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Grand Piano [DVD]

2.8 out of 5 stars 22 customer reviews

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Product details

  • Actors: Elijah Wood, John Cusack, Kerry Bishé, Tamsin Egerton, Allen Leech
  • Directors: Eugenio Mira
  • Producers: Rodrigo Cortés, Adrián Guerra
  • Format: DVD-Video, PAL
  • Region: Region 2 (This DVD may not be viewable outside Europe. Read more about DVD formats.)
  • Number of discs: 1
  • Classification: 15
  • Studio: Icon
  • DVD Release Date: 20 Oct. 2014
  • Run Time: 88 minutes
  • Average Customer Review: 2.8 out of 5 stars  See all reviews (22 customer reviews)
  • ASIN: B00LUNV2GW
  • Amazon Bestsellers Rank: 30,753 in DVD & Blu-ray (See Top 100 in DVD & Blu-ray)

Product Description

Eugenio Mira directs this thriller starring Elijah Wood, John Cusack and Kerry Bishé. Tom Selznick (Wood) is the most talented concert pianist of his generation. However, lately Tom's career has stalled due to crippling bouts of stage fright, which interfere with his ability to perform at the highest level. After seeking help for his issues, Tom returns to the stage for a sold out comeback performance, supported by his wife Emma (Bishé). All is going well until Tom turns the page on his sheet music and finds a threatening message scrawled there. Soon, via an earpiece, Tom is put in touch with his tormenter, Clem (Cusack). Clem assures him that he has a high-powered rifle trained on him and will open fire if Tom hits one wrong note. How will the virtuoso cope under a very different kind of performance pressure?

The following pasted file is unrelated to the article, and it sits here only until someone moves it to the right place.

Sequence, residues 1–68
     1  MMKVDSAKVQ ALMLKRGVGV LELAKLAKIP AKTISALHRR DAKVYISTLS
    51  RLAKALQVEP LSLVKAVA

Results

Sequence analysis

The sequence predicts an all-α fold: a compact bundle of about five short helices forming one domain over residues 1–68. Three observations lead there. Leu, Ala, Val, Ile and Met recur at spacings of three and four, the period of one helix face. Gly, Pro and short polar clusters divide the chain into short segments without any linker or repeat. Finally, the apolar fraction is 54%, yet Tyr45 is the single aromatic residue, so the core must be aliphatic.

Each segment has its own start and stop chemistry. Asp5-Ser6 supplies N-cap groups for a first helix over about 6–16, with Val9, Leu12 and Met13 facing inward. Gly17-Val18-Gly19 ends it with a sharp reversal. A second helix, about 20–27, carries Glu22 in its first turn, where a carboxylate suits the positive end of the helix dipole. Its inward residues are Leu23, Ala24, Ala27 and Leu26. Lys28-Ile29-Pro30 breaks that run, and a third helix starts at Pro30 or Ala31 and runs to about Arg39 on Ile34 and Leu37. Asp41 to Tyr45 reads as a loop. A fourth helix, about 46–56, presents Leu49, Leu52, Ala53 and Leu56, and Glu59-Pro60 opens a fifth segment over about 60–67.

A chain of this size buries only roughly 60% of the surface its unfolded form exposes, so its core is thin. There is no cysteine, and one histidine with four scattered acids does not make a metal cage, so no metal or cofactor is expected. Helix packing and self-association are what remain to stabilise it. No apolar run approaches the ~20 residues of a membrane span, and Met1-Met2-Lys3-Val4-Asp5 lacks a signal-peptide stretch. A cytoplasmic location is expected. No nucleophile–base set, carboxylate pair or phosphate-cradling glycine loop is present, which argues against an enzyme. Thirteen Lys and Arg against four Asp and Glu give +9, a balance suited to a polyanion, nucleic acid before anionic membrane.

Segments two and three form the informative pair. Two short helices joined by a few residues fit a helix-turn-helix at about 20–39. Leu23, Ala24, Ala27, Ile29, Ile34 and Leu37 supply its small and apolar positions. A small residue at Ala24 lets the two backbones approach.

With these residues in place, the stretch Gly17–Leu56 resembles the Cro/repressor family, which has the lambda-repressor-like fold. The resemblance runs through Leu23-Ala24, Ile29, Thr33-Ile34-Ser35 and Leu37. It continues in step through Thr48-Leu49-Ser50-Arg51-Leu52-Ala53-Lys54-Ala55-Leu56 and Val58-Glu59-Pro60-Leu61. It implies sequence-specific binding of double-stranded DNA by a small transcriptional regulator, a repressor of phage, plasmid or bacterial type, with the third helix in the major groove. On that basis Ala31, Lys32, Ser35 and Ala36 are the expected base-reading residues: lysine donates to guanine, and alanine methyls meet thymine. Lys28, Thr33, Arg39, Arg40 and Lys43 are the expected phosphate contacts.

Customer Reviews

Top Customer Reviews

Format: DVD Verified Purchase
This was not as good as I thought it would be! It seemed lacking in plot, execution, and sheer thrill. A lot more could have been made of the idea. Whilst watchable you come away unmoved and disappointed!
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Format: Blu-ray